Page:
Gastro-Retentive Drug Delivery System: GRDD is an approach to prolong gastric residence time, thereby targeting site-specific drug release in the upper GIT for local or systemic effects. Gastroretentive dosage forms can remain in the gastric region for long periods and hence significantly prolong the GRT of drugs 5. This prolonged gastric retention enhances the bioavailability, decreases drug wastage, and improves solubility of drugs that are less soluble at high pH environment 6. GRDDS provide support to reduce the frequent dosing of such drug by producing a controlled delivery within stomach for longer duration 7. Gastro-retentive dosage forms are delivery systems that will provide the system to be able to control the gastric residence time or gastric transit time of the dosage form to achieve a prolonged and predictable drug delivery profile in the upper part of the GI-tract. Gastro-retentive systems can be based on the floating systems, bioadhesive or mucoadhesive systems and systems that have a size or will expand in the stomach to a size that is too large to pass the pyloric sphincter 2, 8.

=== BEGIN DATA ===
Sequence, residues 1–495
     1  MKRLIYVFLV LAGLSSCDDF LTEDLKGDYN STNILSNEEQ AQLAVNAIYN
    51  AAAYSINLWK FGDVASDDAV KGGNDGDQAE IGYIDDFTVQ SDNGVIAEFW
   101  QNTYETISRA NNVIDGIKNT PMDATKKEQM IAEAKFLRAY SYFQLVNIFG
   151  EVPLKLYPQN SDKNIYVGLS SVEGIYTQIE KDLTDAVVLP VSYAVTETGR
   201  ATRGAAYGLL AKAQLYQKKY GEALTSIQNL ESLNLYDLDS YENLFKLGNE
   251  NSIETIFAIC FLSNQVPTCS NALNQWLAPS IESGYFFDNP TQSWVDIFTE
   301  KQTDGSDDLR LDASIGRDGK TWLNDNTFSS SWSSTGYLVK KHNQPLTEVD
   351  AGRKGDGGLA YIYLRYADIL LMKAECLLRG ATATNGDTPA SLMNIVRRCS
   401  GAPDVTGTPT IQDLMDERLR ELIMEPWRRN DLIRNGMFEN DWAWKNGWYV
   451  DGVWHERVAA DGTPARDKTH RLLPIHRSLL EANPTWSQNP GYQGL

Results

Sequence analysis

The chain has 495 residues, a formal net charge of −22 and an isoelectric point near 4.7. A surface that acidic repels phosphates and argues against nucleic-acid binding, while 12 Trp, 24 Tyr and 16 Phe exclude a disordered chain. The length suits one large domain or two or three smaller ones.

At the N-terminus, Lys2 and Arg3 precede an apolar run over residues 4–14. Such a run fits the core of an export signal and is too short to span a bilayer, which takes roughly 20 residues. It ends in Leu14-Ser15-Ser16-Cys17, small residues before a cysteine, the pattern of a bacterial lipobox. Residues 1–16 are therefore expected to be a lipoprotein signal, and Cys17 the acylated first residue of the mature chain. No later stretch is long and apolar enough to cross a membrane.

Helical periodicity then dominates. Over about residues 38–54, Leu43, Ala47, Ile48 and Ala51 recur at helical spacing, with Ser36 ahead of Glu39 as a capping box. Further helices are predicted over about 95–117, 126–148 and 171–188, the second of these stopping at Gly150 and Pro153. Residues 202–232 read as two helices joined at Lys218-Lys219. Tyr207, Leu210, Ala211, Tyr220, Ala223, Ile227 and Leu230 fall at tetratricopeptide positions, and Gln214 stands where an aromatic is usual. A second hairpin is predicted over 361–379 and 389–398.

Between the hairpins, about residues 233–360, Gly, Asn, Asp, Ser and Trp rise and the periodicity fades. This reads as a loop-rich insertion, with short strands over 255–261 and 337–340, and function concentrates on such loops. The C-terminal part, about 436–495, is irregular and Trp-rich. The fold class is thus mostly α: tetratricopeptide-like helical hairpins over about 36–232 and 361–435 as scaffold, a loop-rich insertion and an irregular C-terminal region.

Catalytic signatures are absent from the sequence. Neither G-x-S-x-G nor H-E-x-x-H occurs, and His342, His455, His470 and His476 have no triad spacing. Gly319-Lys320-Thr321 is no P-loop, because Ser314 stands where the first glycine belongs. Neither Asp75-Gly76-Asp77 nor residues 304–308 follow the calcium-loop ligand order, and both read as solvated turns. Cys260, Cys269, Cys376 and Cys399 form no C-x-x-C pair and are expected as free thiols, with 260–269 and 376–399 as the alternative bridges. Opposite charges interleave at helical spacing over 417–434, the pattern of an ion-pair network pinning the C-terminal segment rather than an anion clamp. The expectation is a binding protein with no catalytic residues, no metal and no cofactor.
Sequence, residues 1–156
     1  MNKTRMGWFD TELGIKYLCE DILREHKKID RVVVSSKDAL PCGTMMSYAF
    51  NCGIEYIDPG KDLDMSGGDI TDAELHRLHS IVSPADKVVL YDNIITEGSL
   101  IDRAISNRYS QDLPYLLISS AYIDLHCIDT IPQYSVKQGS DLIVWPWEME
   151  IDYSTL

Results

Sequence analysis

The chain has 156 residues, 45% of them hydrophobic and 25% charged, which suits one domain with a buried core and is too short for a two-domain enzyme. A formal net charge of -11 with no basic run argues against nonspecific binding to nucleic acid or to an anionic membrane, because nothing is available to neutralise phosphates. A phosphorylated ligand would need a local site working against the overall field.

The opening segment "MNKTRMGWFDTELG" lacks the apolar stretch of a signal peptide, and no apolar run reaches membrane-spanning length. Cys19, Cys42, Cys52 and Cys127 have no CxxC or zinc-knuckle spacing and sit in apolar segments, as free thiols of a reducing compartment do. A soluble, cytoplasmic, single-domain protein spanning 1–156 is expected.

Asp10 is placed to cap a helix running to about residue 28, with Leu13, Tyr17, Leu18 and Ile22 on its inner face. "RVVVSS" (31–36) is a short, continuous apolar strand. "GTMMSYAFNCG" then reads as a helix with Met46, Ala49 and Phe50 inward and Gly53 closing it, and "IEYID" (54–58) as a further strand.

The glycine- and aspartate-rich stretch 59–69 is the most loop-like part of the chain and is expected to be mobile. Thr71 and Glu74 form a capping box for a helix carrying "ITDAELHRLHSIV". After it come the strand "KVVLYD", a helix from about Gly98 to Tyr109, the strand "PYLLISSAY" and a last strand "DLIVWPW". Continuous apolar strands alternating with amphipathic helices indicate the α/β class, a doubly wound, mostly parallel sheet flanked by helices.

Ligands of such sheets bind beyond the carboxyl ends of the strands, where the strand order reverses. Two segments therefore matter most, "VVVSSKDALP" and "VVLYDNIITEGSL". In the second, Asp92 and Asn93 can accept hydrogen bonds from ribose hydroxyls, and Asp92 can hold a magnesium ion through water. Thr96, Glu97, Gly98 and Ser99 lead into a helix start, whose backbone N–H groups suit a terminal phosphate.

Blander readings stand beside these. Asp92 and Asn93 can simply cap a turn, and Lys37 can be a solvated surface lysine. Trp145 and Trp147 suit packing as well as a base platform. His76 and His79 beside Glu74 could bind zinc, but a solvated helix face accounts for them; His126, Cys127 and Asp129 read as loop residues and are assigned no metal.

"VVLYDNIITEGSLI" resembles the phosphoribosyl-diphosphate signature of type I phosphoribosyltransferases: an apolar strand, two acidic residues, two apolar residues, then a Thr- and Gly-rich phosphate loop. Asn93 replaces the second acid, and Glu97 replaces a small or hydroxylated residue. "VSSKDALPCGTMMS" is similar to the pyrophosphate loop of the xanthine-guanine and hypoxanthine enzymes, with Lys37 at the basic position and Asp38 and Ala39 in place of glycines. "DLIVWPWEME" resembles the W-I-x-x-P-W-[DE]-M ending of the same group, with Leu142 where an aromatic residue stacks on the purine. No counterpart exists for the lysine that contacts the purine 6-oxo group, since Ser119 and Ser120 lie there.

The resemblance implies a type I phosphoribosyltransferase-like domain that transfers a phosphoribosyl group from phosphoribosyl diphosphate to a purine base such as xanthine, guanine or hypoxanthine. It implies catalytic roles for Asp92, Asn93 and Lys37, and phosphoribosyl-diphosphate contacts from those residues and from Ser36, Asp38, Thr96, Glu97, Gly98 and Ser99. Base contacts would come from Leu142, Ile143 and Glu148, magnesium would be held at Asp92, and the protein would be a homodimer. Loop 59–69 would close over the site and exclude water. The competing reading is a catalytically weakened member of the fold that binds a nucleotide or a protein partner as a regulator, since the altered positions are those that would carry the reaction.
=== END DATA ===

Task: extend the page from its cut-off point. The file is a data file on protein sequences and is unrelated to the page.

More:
In the in-situ type of drug delivery system, the preparation is in a solution form before administration in body, but it converts into a gel form after administration. An in-situ gel is made of polymer materials that have a solution or semisolid state that responds to external stimuli at the administration site. These gels also have conformations that can undergo reversible conversion to form a semisolid or solid preparation. Clarithromycin is a macrolide antibiotic hence it can be used to treat stomach ulcer. Clarithromycin is rapidly absorbed from GIT and undergoes first-pass metabolism and have shorter half-life and bioavailability thus they eliminated quickly from systemic circulation. To avoid this limitation, the development of oral sustained release floating in-situ gel of Clarithromycin is an attempt to release the drug slowly into the GIT specifically to stomach and maintain an effective drug concentration in the systemic circulation for long period of time 9-15.